Skip to main content
padlock icon - secure page this page is secure

Religious Motivation During the Troubles

Buy Article:

$27.15 + tax (Refund Policy)

The question of the extent of religious motivation for the Troubles (1969-1998) has existed for as long as the conflict itself. Many participants as well as external commentators have offered various opinions. This piece attempts to contribute to this debate by introducing previously unused theories to explain the situation, namely military cohesion. This article also argues that attempts to understand the conflict through any single viewpoint, be it religious, political, or ethnic, is futile. Instead these three viewpoints need to be combined in order to fully understand the conflict. This article argues that a combination of ethnic mobilisation, territory sacralisation, and republican martyrdom provide a means through which a political conflict between two religiously defined ethnicities can be understood in relation to present day conflicts.
No Reference information available - sign in for access.
No Citation information available - sign in for access.
No Supplementary Data.
No Article Media
No Metrics

Document Type: Research Article

Publication date: May 1, 2016

More about this publication?
  • The St Antony's International Review (STAIR) is the only peer-reviewed journal of international affairs at the University of Oxford. Set up by graduate students of St Antony's College in 2005, the Review has carved out a distinctive niche as a cross-disciplinary outlet for research on the most pressing contemporary global issues, providing a forum in which emerging scholars can publish their work alongside established academics and policymakers. Past contributors include Robert O. Keohane, James N. Rosenau, and Alfred Stepan.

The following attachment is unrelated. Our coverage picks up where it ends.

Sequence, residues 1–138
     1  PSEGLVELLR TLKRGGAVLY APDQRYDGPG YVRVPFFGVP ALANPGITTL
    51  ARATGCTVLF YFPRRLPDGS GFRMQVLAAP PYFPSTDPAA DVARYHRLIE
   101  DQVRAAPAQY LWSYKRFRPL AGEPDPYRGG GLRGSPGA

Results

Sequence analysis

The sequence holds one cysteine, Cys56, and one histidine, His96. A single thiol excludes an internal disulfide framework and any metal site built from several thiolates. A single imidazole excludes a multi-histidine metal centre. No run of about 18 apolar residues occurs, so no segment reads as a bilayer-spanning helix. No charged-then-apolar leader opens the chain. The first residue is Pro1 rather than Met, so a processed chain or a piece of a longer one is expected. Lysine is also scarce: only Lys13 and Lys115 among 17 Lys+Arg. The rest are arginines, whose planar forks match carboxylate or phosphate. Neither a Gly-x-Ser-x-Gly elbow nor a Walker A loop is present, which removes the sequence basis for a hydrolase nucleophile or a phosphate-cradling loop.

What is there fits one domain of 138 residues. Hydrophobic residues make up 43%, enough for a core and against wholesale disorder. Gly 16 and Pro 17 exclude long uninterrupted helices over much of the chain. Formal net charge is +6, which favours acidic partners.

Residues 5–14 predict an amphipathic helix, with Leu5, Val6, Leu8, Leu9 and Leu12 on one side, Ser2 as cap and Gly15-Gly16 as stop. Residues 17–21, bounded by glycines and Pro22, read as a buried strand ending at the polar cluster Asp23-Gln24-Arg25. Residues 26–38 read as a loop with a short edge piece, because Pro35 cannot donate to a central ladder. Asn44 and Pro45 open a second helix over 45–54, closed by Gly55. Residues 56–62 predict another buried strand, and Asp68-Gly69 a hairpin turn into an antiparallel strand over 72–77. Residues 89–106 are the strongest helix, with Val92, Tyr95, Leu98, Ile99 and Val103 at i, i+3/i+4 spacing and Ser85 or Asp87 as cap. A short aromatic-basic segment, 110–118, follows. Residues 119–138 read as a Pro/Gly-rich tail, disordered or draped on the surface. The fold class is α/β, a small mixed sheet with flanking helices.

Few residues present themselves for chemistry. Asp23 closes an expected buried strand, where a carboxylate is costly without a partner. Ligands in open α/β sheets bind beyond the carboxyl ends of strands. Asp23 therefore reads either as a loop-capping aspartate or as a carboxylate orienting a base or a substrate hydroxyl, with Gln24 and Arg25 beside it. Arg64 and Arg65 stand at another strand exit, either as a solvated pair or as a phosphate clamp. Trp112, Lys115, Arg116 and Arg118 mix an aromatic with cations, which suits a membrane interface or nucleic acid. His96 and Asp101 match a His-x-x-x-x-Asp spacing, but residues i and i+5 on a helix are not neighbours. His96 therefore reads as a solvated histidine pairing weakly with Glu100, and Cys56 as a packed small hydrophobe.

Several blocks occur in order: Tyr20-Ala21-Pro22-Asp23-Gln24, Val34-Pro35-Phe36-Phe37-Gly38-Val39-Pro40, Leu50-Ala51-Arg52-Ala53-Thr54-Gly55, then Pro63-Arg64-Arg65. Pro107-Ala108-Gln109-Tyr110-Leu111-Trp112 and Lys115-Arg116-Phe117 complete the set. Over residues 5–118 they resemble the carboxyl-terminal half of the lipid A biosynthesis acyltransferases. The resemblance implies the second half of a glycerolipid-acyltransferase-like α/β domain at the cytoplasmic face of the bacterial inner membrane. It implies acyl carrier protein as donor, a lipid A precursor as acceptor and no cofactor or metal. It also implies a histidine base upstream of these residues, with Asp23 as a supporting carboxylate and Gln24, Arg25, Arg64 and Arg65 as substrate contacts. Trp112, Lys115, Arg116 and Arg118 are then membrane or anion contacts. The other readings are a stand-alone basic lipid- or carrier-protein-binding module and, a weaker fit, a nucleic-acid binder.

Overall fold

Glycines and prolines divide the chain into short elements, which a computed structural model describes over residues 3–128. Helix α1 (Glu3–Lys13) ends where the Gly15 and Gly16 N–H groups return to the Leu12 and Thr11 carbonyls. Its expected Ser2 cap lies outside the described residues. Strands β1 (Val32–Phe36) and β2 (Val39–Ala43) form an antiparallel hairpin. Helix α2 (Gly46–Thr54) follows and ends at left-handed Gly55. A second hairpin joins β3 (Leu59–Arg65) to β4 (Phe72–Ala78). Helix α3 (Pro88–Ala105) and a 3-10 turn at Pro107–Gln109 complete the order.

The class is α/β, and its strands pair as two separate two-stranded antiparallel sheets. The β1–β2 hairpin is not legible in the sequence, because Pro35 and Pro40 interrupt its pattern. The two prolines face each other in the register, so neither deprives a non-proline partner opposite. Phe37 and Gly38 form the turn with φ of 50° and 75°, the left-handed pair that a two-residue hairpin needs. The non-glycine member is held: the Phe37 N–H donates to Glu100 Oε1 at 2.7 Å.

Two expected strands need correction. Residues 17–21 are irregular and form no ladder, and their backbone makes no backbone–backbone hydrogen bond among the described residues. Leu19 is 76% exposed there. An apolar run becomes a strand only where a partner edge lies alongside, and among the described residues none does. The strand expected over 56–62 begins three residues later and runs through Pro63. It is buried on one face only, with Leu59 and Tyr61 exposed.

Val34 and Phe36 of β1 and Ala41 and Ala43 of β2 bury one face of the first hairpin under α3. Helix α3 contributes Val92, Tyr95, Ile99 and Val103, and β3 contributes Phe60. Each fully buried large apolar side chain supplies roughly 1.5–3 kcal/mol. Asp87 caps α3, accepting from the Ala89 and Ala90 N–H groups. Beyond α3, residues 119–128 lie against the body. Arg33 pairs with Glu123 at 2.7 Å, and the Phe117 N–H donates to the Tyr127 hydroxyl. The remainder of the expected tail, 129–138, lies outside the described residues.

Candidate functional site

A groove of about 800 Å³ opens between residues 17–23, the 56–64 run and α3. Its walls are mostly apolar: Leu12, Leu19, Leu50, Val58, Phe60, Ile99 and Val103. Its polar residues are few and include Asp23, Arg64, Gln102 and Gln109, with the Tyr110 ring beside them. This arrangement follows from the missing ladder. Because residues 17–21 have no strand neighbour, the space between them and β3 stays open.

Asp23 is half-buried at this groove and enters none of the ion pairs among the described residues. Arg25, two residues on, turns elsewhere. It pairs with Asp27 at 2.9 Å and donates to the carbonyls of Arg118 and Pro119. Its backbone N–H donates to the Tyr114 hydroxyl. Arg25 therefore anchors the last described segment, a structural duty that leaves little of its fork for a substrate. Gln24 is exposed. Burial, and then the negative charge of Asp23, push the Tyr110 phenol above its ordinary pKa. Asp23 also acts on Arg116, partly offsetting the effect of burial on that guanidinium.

• Editorial Board
  • Information for Authors
  • Submit a Paper
  • Subscribe to this Title
  • Information for Advertisers
  • Order hard copies of STAIR
  • Ingenta Connect is not responsible for the content or availability of external websites
  • Access Key
  • Free content
  • Partial Free content
  • New content
  • Open access content
  • Partial Open access content
  • Subscribed content
  • Partial Subscribed content
  • Free trial content
Cookie Policy
Cookie Policy
Ingenta Connect website makes use of cookies so as to keep track of data that you have filled in. I am Happy with this Find out more